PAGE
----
Loosen Up and Laugh It Up With MacPhly - NBC 7 San Diego

Saturdays after SNL
on NBC 7 San Diego
music. community. culture.

Loosen Up and Laugh It Up With MacPhly

The latest album from the local rapper MacPhly offers a refreshing change of pace



    There are a lot of rappers who have seemingly found out that they can get away with saying nothing of interest if their technique is decent enough -- it's as if their delivery is confident enough and their rhyme schemes are varied enough, they can get by on little more than generic claims to success, contrived shout-outs to their haters, and boasts of saving hip-hop. Oh word? You're saving hip-hop? Excuse me as I slit my wrists with the sharp edges of the 12" Solesides singles that I've now smashed to pieces.

    That's why listening to local rapper Marty MacPhly is so refreshing. His latest release, In Advance, covers a lot of familiar territory: getting money, getting women, and smoking weed. But instead of making me want to kill myself, he makes me laugh. Instead of getting by on half-decent technique, he focuses on talking about those familiar topics in interesting, novel ways. And if that doesn't fit neatly into formulaic rhyme schemes, boo freaking hoo.

    It sounds like a conscious choice on MacPhly's part to loosen up the flow. On the funky, James Brown-sampling "Hit Me," he opens up, flowing off-rhythm, saying:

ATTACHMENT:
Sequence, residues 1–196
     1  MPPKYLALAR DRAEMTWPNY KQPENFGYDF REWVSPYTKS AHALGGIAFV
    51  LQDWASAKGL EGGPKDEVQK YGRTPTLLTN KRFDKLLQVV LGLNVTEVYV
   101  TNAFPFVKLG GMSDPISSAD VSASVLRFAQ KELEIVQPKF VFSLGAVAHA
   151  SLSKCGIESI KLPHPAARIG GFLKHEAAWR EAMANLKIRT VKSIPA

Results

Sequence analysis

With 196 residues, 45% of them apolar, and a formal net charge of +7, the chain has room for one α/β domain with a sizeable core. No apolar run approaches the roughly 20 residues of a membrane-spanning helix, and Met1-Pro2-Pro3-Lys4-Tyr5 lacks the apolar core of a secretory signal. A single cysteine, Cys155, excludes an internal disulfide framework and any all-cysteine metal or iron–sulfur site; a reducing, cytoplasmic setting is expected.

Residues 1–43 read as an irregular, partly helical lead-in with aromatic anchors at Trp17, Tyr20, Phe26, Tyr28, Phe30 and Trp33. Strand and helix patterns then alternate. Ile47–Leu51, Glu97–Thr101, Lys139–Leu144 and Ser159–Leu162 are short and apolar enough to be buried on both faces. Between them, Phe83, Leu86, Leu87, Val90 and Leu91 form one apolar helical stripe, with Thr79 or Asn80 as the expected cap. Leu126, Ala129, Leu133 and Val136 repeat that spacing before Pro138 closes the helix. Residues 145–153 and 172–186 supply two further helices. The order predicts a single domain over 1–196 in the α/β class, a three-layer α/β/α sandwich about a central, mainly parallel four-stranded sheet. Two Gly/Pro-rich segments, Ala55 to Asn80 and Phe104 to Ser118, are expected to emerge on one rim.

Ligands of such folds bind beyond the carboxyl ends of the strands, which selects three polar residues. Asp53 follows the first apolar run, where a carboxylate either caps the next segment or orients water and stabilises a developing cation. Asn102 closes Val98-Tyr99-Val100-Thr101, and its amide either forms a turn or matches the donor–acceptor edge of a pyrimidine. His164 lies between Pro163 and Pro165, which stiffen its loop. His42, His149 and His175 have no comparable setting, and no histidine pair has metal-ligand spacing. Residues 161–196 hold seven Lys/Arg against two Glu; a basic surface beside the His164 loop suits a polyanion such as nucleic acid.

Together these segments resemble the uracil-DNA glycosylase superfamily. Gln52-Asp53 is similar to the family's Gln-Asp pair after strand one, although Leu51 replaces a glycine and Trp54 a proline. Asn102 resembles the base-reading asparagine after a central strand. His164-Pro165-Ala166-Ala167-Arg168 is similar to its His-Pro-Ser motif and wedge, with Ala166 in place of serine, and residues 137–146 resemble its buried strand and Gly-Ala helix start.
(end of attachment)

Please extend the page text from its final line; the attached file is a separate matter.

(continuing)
No n----s on my radar
    This thing must not be on
    The flow's way off
    I get laid, you get laid-off

    Later in the same song, he also says he's "lazy with the flow, got back blisters." So he knows his flow is off-kilter, but that's beside the point. The point is that this dude just said, "I get laid, you get laid-off," which had me bawling out of control with laughter. And his flow has back blisters??? I don't think I've heard anyone brag that their flow has back blisters.

    In Advance is rife with moments that make you rewind, like, "Wait, did he just say that?" What's even better is that he doesn't hit you over the head with it. You'll just be listening all innocently, and then all of a sudden, MacPhly creeps up on you and raps, "N----s got black belts, can't break bread," (from "My Bell") and you start cracking up.

    The majority of the production belongs to Dave Moss, although two other producers, Bang Digital and Chinky (who I'll assume takes his/her name from being high and not from being Asian), also contribute beats. The beats range from blaxpoitation-type funk ("Hit Me") to synth-heavy bangers ("Hunnids") to in-the-clouds triumph ("Smoke Enuff"). The production remains solid throughout, meshing well with MacPhly without overpowering him.

    Besides a couple of duds ("Advanced" and "No Breaks"), my main issue with In Advance is simply that it's not quite as good as his 2010 mixtape-album, Cheers. It lacks the socio-political edge of cuts like "Tailback" and "Cold Sweat," and the hooks aren't as catchy. But if you're looking for an introduction to MacPhly -- or if you're just looking for good hip-hop music -- you could do far worse than In Advance.

    Quan Vu is the founder and editor of local music blog sdRAPS.com. He has also written about local and national hip-hop acts for San Diego CityBeat and the San Diego Reader. You can nerd out on rap trivia by becoming BFF's on Facebook or e-mailing him directly.